You can learn a lot simply by reading the business news: the WSJ, the Financial Times, Bloomberg, etc. You can also learn a lot by talking to people who are 20-30 years older than you: what are their motivations and concerns? What insights can they provide simply from their lived experience?

Will you see a question on the GMAT about vaccines? Probably not. Will you see a CR question that somehow involves some real-world economic activity that happens in your immediate environment every day? Quite likely. The more you have instincts for that real-world activity, the easier the CR question will be for you.

I will suggest this blog:
GMAT Critical Reasoning and Outside Knowledge
The links at the end of that article provide a kind of primer about different categories of real world knowledge that could be helpful on the GMAT.

Does all this make sense?
Mike :-)
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Re: Public Health Official : After several years of vaccinating [#permalink]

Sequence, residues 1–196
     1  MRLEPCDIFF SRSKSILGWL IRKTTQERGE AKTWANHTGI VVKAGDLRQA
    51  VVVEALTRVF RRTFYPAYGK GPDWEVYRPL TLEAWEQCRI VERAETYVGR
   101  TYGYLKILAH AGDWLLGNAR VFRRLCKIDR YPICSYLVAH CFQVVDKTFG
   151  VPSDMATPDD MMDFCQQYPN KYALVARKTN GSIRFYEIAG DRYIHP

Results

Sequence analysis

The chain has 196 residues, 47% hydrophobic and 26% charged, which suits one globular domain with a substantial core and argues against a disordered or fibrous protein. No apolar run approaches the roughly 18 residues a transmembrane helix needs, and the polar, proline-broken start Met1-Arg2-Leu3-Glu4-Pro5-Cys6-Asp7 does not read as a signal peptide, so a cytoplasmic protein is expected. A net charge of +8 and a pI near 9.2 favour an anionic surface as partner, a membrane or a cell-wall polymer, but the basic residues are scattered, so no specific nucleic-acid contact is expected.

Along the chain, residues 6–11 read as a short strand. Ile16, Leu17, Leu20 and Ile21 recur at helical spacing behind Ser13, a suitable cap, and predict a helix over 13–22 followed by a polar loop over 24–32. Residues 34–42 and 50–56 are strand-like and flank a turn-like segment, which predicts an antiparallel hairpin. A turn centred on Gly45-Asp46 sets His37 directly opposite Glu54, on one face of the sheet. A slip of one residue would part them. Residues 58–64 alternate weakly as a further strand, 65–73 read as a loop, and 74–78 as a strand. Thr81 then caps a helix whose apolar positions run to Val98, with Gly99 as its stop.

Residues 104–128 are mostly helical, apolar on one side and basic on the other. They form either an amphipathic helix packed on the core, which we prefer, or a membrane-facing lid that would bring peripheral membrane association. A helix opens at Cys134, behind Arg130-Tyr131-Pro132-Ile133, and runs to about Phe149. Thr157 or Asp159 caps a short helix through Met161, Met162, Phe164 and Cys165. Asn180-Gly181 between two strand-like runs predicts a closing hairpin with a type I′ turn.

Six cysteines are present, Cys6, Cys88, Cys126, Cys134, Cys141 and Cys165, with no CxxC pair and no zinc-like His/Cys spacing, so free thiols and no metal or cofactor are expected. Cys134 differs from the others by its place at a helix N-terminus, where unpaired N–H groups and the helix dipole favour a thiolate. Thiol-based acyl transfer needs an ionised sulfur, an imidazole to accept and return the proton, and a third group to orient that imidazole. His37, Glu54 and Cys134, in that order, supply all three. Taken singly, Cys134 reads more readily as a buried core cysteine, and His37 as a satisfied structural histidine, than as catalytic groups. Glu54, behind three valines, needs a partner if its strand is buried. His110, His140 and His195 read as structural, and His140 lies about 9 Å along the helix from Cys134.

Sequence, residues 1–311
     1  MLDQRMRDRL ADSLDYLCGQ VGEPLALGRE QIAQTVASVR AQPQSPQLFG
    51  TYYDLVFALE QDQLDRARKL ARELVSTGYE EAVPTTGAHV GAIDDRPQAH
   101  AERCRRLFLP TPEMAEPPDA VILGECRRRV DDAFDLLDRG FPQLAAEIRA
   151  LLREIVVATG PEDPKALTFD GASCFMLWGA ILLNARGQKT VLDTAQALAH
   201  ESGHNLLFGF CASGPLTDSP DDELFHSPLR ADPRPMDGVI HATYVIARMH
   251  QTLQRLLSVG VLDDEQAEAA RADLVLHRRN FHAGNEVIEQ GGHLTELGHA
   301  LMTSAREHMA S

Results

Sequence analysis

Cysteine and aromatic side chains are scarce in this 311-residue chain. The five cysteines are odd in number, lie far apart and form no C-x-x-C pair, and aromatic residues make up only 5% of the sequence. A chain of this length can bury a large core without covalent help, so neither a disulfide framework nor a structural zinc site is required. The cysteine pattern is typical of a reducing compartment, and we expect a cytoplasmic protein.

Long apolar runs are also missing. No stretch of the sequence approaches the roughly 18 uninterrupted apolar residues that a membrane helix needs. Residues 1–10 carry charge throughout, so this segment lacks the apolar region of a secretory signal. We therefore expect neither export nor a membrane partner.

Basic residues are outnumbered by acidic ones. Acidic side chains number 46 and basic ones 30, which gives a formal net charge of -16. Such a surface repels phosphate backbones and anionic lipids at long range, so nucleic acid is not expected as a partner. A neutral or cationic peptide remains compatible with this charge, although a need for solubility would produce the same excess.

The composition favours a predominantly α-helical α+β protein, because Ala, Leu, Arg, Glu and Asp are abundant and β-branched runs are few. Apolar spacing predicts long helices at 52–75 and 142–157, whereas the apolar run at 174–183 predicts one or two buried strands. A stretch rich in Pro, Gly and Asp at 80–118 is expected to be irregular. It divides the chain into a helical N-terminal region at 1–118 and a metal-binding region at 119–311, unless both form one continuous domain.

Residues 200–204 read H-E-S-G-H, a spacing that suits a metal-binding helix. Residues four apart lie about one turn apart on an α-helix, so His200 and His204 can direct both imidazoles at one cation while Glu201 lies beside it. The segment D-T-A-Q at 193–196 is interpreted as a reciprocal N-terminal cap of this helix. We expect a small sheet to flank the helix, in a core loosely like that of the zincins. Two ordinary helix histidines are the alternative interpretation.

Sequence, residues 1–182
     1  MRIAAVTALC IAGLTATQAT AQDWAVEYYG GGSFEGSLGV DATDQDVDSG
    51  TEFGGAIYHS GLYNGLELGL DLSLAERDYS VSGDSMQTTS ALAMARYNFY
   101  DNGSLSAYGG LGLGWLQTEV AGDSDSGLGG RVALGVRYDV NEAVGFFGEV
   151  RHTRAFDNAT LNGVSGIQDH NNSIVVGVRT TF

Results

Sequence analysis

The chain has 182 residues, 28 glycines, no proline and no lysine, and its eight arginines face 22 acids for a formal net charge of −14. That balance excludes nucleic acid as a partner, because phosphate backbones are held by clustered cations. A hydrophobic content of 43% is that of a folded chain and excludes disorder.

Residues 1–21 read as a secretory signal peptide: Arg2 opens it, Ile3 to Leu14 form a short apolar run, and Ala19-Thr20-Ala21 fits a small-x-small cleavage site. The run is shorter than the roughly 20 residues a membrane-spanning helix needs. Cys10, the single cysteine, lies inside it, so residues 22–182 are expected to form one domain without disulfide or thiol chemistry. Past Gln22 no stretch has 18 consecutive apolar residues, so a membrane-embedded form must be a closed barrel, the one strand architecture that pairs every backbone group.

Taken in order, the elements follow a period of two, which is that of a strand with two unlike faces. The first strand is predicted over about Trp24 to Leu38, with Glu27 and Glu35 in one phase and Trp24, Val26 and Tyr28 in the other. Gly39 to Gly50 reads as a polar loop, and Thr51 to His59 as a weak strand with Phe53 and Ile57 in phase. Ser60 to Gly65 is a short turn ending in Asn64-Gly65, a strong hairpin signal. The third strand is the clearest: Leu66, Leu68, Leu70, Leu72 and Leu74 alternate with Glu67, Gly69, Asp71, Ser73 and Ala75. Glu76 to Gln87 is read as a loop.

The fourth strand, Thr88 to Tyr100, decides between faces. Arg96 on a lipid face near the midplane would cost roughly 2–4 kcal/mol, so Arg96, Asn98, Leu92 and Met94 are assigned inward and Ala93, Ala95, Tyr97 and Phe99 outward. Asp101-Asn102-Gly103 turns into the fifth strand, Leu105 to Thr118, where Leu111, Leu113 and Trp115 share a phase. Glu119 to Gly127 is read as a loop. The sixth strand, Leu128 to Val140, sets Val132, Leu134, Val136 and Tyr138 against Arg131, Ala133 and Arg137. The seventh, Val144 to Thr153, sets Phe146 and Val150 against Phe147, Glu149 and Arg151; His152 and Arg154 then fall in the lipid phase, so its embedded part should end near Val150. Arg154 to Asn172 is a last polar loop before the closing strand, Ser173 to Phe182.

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New post 07 Jul 2017, 09:03
Merged topics. Please, search before posting questions!
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Re: Public Health Official : After several years of vaccinating [#permalink]

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New post 08 Jul 2017, 02:35
Answer is A
A very good question .
A and C are close contenders .
Lets take a close look at C
C) Tacitus’ Disease is a much deadlier disease than Salicetiococcus, and has a correspondingly higher fatality rate .
This may be true for Tacitus but we do know that vaccine program should be started again and and does tell us whether it might spread again.

A hits nail on the head as it gives us evidence that if vaccine program for Tacitus is not restarted children will suffer from disease.
Hope it helps .
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Re: Public Health Official : After several years of vaccinating [#permalink]

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New post 29 Sep 2017, 00:28
mikemcgarry wrote:
jaituteja wrote:
Hi Mike,

How can we be so sure that the disease will definitely arrive for young children. The word "will" is very strong in option A.